Efforts to promote reform-based instruction have overlooked the import of affect in teacher learning. Drawing on prior work, I argue that teachers’ affective experiences in the discipline are integral to their learning how to teach the discipline. Moreover, I suggest that both affective and epistemological aspects of teachers’ experiences can serve to cultivate their epistemic empathy—the capacity for tuning into and valuing someone’s intellectual and emotional experience within an epistemic activity—in ways that support student-centered instruction.

Research Toolkit

In Development! Stay tuned for more resources...

 

CADRE and the EQR Hub have compiled education research tips, resources and tools on research design, theory & frameworks, methodologies, instrumentation, human subjects, and data management.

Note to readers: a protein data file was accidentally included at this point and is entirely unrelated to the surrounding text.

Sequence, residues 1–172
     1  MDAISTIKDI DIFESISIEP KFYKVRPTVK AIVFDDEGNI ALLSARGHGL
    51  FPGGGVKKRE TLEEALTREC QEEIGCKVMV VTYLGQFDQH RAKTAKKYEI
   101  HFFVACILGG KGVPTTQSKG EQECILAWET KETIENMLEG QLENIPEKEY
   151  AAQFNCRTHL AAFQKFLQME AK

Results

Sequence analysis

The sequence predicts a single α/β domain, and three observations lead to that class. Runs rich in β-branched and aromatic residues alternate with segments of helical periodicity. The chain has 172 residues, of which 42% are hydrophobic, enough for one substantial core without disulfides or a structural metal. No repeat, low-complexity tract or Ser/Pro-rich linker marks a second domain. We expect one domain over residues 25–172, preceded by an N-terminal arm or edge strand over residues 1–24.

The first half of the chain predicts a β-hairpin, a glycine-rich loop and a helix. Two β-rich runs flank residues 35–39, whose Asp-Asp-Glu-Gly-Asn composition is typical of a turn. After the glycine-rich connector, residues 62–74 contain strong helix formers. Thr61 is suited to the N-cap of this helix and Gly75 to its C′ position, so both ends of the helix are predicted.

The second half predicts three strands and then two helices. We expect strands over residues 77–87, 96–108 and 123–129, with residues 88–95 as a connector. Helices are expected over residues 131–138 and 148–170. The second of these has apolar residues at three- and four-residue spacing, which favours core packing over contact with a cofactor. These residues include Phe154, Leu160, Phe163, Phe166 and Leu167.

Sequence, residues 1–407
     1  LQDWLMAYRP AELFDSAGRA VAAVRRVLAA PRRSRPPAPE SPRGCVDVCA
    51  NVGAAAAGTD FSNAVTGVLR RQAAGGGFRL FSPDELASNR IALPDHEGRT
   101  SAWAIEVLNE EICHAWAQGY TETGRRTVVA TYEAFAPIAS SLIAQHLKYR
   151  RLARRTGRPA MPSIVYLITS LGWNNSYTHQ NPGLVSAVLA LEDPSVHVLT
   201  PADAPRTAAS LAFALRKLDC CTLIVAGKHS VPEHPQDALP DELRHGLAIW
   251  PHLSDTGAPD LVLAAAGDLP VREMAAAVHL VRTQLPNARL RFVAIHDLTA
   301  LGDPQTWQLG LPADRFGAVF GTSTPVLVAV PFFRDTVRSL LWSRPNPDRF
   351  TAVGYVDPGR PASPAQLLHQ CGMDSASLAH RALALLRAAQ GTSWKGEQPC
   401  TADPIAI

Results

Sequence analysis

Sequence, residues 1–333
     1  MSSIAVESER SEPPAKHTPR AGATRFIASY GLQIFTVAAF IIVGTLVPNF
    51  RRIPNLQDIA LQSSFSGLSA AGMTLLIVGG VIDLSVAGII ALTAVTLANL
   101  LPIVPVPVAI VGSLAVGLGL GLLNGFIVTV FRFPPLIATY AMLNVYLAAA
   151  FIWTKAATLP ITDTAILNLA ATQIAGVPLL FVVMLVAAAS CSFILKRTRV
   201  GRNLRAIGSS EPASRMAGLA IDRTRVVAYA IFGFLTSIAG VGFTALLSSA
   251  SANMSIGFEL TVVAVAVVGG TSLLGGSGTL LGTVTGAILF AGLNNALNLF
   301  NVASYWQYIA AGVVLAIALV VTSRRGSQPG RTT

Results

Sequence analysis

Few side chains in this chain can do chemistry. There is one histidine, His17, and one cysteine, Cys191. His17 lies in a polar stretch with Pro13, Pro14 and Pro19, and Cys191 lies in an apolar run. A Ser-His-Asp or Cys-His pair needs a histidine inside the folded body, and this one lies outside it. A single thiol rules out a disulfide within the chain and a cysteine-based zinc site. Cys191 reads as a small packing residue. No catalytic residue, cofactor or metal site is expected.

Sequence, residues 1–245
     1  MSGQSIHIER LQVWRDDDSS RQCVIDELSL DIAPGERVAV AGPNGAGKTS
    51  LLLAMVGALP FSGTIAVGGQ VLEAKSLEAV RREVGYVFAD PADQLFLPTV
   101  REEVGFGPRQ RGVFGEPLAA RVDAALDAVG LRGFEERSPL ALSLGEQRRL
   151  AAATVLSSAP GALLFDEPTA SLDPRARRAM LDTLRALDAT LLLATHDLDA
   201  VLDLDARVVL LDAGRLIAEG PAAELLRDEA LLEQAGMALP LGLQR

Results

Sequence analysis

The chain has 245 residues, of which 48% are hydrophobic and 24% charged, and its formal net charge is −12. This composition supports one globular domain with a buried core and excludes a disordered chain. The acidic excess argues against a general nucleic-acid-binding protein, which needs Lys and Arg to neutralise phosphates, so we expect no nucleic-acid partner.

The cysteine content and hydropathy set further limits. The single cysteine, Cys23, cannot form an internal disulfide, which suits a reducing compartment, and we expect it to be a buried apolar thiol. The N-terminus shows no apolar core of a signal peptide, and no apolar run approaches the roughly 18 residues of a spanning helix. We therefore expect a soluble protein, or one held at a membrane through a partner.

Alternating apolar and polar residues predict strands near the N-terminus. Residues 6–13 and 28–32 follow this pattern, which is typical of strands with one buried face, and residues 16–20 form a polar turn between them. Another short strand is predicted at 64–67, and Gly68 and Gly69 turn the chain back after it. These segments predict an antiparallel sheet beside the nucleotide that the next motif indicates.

Research Design 

Author/Presenter

The CADRE & EQR Teams

Year
2022
Short Description

Find education research tips, resources and tools.

Advancing Reasoning Covariationally (ARC) Curriculum

The Advancing Reasoning Covariationally (ARC) curriculum is a curriculum for working pre-service and in-service teachers. ARC targets and develops quantitative and covariational reasoning as connecting threads to major secondary mathematics ideas, particularly in the area of algebra, precalculus, and calculus.
Author/Presenter

The ARC Team

Lead Organization(s)
Year
2018
Short Description
The Advancing Reasoning Covariationally (ARC) curriculum is a curriculum for working pre-service and in-service teachers. ARC targets and develops quantitative and covariational reasoning as connecting threads to major secondary mathematics ideas, particularly in the area of algebra, precalculus, and calculus.

The Argumentation Toolkit

The Argumentation Toolkit is a collection of resources, including classroom videos, strategy guides and professional learning modules, designed to help teachers understand and teach scientific argumentation.